Now don't get me wrong, I have long believed that Christ is just as present in the poor as he is in the Eucharist, or in the Church. I have also frequently encountered Christ in my relationships with the poor, and been humbled, disciplined, and even saved by being a part of their lives. However, these beliefs and experiences have always had an element of the mystical to them (or, to use another type of language, an element of the Event, or the traumatic Real) that would lead others to wonder if I am simply projecting a (false) belief onto the poor (or, to continue with that other type of language, engaging in a spurious act of overcoding). Consequently, I found myself asking myself the questions listed above.

Then, about two weeks ago, I was taking the bus into work and we were stopped in front of the bottle depot, a place where people from the neighbourhood tend to congregate. As I was looking out the window, I saw something that took my breath away. In the midst of the hustle and bustle of all the binners, boosters, dealers, passersby, and community members, there was a street-involved man crouching on the sidewalk, with another man laying across his lap. This second man was emaciated, wearing only a small pair of torn jean shorts, and appeared to be only half-conscious (if that). The thing is, the two men were positioned exactly like the Pietà -- the image of Mary holding Jesus after he had been crucified and taken down from the cross. It was unbelievable.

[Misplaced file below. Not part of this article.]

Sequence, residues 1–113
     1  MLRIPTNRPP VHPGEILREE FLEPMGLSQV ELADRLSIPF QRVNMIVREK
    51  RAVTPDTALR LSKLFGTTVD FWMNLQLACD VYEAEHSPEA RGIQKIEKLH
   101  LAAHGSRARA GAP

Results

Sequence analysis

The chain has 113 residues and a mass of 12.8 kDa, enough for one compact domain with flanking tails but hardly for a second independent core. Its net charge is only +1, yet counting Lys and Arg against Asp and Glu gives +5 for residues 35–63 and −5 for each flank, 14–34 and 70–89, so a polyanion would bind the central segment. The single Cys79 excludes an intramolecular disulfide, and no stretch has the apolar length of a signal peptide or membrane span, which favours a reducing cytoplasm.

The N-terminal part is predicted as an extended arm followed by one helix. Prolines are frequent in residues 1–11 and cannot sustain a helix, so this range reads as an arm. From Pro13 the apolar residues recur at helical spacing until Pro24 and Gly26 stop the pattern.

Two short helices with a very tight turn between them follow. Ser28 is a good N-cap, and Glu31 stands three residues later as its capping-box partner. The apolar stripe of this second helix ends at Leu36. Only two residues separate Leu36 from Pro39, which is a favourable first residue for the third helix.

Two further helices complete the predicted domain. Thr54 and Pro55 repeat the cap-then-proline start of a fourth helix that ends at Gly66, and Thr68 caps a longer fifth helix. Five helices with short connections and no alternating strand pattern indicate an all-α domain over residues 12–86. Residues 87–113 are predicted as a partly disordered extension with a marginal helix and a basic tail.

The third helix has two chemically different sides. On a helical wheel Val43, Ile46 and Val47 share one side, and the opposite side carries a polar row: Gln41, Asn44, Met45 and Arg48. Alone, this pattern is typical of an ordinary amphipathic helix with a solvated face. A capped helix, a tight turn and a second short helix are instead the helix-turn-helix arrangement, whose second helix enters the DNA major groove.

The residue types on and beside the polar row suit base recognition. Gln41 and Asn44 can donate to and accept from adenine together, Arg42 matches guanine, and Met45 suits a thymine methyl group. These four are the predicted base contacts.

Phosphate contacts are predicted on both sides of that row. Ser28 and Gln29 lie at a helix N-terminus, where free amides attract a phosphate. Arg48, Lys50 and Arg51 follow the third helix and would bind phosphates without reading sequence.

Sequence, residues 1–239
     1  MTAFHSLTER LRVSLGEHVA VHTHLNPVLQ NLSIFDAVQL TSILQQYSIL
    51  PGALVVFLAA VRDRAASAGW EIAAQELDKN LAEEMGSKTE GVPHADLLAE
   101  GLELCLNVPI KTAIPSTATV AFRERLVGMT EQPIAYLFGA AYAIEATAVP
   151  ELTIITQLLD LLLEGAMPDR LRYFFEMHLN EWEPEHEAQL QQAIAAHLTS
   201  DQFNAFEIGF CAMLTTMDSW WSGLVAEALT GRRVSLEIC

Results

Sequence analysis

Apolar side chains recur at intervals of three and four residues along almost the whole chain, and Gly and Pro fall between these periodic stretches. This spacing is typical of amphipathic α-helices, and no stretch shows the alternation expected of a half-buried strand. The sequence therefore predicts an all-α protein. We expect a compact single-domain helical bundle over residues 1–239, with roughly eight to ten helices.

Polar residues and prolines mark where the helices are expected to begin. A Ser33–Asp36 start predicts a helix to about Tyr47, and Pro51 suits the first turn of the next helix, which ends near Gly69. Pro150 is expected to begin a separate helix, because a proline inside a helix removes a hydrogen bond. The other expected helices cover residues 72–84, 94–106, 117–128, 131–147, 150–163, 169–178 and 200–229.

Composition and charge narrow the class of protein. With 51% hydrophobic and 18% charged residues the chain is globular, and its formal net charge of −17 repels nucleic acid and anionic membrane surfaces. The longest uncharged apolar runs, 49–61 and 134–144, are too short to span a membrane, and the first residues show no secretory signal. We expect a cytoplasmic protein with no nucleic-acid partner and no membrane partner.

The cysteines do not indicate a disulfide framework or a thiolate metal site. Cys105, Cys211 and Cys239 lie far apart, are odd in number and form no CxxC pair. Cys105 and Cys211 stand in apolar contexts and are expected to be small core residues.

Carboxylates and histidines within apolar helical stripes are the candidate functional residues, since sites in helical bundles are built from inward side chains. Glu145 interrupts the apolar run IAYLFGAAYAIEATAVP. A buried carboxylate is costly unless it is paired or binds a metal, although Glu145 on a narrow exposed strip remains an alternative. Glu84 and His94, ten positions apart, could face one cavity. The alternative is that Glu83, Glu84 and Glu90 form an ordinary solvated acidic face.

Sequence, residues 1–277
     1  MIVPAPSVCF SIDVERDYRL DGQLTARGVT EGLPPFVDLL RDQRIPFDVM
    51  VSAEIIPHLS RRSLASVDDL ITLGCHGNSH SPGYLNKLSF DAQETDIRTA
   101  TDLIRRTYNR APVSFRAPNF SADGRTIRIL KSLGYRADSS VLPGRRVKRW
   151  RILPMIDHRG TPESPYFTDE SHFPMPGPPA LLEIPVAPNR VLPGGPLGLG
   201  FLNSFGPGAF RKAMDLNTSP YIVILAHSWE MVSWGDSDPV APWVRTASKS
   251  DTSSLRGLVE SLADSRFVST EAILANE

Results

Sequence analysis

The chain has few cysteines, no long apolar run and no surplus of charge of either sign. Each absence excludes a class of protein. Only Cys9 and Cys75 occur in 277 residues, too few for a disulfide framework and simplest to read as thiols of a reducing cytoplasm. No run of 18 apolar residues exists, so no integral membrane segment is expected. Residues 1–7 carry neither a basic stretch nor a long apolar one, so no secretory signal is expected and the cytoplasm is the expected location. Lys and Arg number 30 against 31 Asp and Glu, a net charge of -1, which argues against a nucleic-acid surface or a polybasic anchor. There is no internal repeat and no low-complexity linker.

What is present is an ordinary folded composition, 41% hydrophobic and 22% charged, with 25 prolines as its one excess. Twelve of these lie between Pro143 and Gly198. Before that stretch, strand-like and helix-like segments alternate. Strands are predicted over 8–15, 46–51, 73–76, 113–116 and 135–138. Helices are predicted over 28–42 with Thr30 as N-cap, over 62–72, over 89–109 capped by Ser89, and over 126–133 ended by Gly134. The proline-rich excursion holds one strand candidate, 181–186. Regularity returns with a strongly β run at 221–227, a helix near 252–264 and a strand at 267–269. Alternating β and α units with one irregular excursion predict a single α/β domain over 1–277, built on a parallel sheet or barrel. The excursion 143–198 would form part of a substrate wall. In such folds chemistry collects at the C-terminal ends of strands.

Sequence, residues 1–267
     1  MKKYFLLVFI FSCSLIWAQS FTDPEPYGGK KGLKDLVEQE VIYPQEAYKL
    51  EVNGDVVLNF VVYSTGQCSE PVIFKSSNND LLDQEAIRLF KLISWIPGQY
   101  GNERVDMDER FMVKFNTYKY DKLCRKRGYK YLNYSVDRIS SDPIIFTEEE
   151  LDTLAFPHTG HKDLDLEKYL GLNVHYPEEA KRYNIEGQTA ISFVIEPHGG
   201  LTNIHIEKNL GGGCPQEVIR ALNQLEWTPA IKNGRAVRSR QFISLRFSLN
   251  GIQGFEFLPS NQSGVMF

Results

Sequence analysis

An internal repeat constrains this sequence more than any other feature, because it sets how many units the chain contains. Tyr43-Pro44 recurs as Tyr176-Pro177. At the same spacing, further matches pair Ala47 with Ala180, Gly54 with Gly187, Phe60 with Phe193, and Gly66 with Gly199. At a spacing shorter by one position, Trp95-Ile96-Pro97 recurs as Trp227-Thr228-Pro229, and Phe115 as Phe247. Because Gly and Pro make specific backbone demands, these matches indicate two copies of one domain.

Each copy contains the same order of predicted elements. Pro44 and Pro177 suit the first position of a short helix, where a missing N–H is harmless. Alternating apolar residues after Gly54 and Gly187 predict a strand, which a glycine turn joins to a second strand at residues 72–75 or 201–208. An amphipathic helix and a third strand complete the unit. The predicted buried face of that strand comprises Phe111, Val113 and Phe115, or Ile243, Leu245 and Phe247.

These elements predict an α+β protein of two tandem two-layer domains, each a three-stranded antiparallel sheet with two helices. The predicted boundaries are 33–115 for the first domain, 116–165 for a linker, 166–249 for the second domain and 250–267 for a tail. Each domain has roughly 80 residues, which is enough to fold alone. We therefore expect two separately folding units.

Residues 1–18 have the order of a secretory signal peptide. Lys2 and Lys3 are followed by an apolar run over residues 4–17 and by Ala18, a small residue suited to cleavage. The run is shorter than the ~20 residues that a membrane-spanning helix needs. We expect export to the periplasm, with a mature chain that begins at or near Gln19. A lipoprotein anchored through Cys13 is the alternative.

But nobody else on the sidewalk took any notice of them. It was simply one street-involved man looking after another -- not an uncommon sight in that neighbourhood. So, the bus pulled away and nobody -- not the passersby, not the other passengers -- seemed to give a second thought to the two men in front of the bottle depot. Except, perhaps, for me. I was left feeling... well... I can't describe the feeling. It's the same sort of feeling that one gets when one is met by God (if you have ever had that feeling, you know what I'm talking about, and why it is incommunicable). Traumatised and amazed, wanting to weep, wanting to worship, but struck dumb by it all.

So, for those who doubt the assertion that Christ is present in the poor, for those who suggest that this is a false ideology, I extend the invitation to come and see. Come, as Christ once said to another person who doubted, place your hand in these wounds. Then you too will come to know the crucified Christ who walks in our midst. The Christ who is stretched out in front of the bottle depot, and in a thousand other places.